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Finding out that you or someone close to you has been exposed to COVID-19 can be an extremely nerve-wracking and stressful event. Our lives have already been turned upside down by physical distancing, mask-wearing, sheltering in place and skyrocketing case numbers at every turn. But when the coronavirus shows up at your door, panic, frustration and even some confusion can arrive right along with it. So, what do you do if you or someone else under your roof has been exposed to COVID-19 and how long do you need to isolate? Keep reading to learn some helpful quarantine guidelines from healthcare providers and the CDC.
Why should you quarantine?
While the thought of quarantining might be overwhelming or quite dreadful for some, the actual process doesn’t have to be unpleasant. The whole point of quarantine is to prevent illnesses from spreading regardless if you have symptoms or not.
“Quarantine doesn’t have to be a scary thing,” explains infectious disease specialist Steven Gordon, MD. “And it’s an effective way to protect the public.”
The difference between isolation and quarantine
While isolation and quarantine ultimately have the same goal, isolation has been designated for those who are already sick. Its purpose is to keep infected people away from healthy people so viruses like COVID-19 don’t spread.
When should you quarantine?
If you are experiencing common symptoms of COVID-19 or you tested positive for the virus, isolate as soon as possible.
The CDC also recommends that people who have been in close contact with someone who has COVID-19 — excluding people who have had COVID-19 within the past 3 months —should quarantine.
What is considered close contact?
The CDC defines it as the following:
- You were within 6 feet of someone who has COVID-19 for a total of 15 minutes or more.
- You provided care at home to someone who is sick with COVID-19.
- You had direct physical contact with the person (hugged or kissed them).
- You shared eating or drinking utensils.
- They sneezed, coughed, or somehow got respiratory droplets on you.
Ways to quarantine
If you live with others and are sick you should stay in a separate bedroom and use a separate bathroom if possible. You’ll need to avoid other common areas as well to prevent spreading COVID-19 to others.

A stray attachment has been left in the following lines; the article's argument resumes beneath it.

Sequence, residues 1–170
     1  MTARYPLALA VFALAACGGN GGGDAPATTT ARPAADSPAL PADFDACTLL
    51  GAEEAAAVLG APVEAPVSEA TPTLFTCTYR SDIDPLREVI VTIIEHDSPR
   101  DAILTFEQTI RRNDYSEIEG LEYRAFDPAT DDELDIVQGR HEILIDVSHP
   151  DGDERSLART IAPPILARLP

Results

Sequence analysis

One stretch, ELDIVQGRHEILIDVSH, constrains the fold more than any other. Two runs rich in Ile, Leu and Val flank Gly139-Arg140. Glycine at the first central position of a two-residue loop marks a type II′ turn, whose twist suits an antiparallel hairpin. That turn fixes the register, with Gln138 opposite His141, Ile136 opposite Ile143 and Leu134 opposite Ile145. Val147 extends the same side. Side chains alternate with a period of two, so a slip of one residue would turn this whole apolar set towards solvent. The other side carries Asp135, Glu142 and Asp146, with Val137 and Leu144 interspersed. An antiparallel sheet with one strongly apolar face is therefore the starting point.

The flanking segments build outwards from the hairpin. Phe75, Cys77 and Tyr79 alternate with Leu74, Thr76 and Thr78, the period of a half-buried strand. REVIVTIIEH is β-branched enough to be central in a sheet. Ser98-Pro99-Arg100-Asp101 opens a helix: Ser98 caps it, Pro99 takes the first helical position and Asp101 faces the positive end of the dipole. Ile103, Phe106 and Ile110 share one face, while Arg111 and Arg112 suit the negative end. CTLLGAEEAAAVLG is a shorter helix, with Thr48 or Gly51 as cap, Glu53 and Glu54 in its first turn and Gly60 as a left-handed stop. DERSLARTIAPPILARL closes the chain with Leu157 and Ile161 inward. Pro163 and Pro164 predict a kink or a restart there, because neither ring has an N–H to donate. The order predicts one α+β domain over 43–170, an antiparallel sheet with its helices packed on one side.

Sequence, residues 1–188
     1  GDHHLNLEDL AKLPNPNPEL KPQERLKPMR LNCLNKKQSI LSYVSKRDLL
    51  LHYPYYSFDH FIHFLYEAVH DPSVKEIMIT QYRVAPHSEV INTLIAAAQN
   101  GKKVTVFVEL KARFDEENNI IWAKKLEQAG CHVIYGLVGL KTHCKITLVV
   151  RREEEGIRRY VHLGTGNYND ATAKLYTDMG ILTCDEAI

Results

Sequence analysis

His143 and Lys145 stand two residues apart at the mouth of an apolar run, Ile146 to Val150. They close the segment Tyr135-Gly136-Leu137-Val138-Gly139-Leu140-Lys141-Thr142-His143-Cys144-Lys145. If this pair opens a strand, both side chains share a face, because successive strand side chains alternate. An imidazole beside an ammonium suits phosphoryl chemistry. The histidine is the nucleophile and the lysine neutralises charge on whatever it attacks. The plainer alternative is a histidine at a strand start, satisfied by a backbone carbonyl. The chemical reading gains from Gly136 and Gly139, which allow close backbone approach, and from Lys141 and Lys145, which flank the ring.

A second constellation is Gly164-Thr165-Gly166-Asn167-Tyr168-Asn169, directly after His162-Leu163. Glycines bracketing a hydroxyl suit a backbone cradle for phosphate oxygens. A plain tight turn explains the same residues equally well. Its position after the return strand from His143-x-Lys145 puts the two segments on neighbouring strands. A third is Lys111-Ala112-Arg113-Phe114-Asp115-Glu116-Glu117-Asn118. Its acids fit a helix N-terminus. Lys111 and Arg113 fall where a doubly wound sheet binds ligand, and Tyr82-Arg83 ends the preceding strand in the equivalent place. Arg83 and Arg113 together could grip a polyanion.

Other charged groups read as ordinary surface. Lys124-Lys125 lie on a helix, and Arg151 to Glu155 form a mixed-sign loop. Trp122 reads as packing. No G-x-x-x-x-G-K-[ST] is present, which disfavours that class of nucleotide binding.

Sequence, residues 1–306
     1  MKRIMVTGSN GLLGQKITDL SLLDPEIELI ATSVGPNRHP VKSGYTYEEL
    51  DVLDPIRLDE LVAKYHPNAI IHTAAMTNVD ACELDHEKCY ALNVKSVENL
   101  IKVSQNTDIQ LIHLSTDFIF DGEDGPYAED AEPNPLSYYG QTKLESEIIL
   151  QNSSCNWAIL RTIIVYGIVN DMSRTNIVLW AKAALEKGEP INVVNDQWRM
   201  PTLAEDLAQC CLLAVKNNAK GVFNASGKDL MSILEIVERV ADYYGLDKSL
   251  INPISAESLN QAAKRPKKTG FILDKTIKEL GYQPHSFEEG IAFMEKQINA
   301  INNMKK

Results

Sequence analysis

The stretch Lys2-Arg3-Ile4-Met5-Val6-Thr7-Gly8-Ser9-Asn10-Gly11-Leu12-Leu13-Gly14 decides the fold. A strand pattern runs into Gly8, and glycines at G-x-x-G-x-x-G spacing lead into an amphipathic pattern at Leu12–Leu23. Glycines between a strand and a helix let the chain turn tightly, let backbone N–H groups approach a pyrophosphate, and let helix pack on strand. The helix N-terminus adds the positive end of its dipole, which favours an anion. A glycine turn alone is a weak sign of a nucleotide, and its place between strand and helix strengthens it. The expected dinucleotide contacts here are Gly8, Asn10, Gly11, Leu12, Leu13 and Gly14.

The CDC also recommends:
- Staying home for seven or 10 days after your last contact with a person who has COVID-19. Seven days is the recommendation if you’re not showing symptoms and you tested negative. (Keep in mind that you should get tested around the fifth day of your quarantine.) Ten days is the recommendation if you’ve been exposed but not tested and aren’t showing any symptoms. If you get a negative test result back before day seven, stay isolated for the full seven days. If you don’t get results back by day seven, continue to quarantine until day 10.
- Watching for a fever (100.4◦F), cough, shortness of breath, or other symptoms of COVID-19.
- Keeping your distance from others, especially people who are at higher risk of getting very sick from COVID-19.
- If you need to be around other people or animals in or outside of the home, wear a mask.
- Tell those who you were in contact with that they were possibly exposed to COVID-19.
Infected people can spread COVID-19 starting 48 hours (or two days) before they have symptoms or test positive. Inform everyone sooner than later to help prevent further transmission.
How to quarantine if you live alone
If you live alone, it can be tough to stay put if you don’t have help. But these tips can help you stay safe and keep you from spreading the virus.
- Stay home except to get medical care.
- Do not visit public spaces.